ETYM AS. sinder slag, dross; akin to Icel. sindr dross, Swed. sinder, German sinter, Dutch sintel; perh. influenced by French cendre ashes, from Latin cinis. Related to Sinter.
A fragment of incombustible matter left after a wood or coal or charcoal fire; SYN. clinker.
ETYM AS. col; akin to Dutch kool, Old High Germ. chol, cholo, German kohle, Icel. kol, pl., Swed. kol, Dan. kul; cf. Skr. jval to burn. Related to Kiln, Collier.
Carbonized vegetable matter deposited in the carboniferous period; the material is combustible and has been used for heating since the mid nineteenth century.
Black or blackish mineral substance formed from the compaction of ancient plant matter in tropical swamp conditions. It is used as a fuel and in the chemical industry. Coal is classified according to the proportion of carbon it contains. The main types are anthracite (shiny, with about 90% carbon), bituminous coal (shiny and dull patches, about 75% carbon), and lignite (woody, grading into peat, about 50% carbon). Coal burning is one of the main causes of acid rain.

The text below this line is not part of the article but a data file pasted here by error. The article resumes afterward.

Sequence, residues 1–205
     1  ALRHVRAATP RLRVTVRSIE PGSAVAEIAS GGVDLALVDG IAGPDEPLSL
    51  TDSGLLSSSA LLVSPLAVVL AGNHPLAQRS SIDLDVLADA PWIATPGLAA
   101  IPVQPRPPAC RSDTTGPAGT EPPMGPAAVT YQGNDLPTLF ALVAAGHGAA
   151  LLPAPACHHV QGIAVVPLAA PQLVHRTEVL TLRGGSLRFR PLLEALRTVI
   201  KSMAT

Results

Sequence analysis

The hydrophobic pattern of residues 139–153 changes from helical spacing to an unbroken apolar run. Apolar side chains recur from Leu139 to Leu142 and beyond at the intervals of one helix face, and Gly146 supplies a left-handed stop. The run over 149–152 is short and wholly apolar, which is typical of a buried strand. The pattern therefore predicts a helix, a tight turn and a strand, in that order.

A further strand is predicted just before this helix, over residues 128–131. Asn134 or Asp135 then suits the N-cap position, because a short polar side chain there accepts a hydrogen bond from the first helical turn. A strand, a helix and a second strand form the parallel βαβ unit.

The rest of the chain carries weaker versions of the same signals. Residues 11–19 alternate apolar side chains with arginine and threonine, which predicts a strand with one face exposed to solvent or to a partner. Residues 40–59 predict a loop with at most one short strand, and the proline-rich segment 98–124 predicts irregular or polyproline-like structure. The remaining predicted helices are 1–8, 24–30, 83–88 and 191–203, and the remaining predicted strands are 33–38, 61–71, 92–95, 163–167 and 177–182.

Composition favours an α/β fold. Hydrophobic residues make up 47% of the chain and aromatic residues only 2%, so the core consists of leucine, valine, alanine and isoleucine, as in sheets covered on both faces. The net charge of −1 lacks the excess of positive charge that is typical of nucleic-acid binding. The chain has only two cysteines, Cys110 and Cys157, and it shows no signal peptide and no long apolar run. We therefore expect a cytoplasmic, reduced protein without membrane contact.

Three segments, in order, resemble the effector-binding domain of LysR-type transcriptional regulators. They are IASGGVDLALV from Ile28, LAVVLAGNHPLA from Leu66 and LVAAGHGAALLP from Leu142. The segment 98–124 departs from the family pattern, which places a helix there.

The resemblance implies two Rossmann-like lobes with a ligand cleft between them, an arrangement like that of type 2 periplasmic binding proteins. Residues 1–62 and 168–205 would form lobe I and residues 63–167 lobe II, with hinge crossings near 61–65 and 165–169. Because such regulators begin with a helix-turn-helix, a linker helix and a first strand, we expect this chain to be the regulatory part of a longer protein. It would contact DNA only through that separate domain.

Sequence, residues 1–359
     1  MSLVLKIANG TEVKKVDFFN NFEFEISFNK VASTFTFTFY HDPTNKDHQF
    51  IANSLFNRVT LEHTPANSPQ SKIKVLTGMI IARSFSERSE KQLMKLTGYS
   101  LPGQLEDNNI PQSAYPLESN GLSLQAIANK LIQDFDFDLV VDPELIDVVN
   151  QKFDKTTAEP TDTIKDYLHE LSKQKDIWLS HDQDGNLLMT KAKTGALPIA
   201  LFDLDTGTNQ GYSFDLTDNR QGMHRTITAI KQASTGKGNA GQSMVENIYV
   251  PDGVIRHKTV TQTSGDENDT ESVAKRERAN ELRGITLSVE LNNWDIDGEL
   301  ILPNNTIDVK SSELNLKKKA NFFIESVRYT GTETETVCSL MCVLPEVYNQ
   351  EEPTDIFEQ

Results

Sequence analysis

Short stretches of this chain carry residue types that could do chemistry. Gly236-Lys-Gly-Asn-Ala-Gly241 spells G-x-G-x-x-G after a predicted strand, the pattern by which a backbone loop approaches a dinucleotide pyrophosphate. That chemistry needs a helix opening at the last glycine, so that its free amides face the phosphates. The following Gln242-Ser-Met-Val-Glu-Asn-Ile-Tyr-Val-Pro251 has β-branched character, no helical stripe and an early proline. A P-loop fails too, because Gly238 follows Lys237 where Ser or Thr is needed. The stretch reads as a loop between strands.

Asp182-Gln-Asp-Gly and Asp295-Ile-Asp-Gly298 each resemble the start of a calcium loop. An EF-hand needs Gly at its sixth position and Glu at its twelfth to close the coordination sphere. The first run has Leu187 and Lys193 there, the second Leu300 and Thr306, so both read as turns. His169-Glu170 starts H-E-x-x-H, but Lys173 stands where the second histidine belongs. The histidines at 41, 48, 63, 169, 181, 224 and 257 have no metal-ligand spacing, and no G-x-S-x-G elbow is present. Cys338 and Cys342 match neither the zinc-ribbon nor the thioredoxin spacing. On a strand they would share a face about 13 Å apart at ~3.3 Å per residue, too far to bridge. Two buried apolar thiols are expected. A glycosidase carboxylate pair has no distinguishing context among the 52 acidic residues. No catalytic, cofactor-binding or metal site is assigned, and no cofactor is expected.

In the second half of the 18th century, coal became the basis of the Industrial Revolution. Coal fields are widely distributed throughout the temperate N hemisphere, the greatest reserves being in Europe, W Siberia, and the US. In the Southern hemisphere, Australia is a major producer. An increasing use, from 1950–70, of cheap natural gas and oil as fuel and for the production of electricity halted when the energy crisis of the 1970s led to greater exploitation of coal resources. Coal is becoming a major source of synfuel (synthetic gasoline). In the Fischer–Tropsch process (used in Germany in World War II and today in South Africa), the coal is gasified and then catalysts are used to reconstitute it into diesel and jet fuel. In the degradation process (under development in the US for high-octane motor fuel), a liquid fuel is directly produced by adding hydrogen or removing carbon from the coal.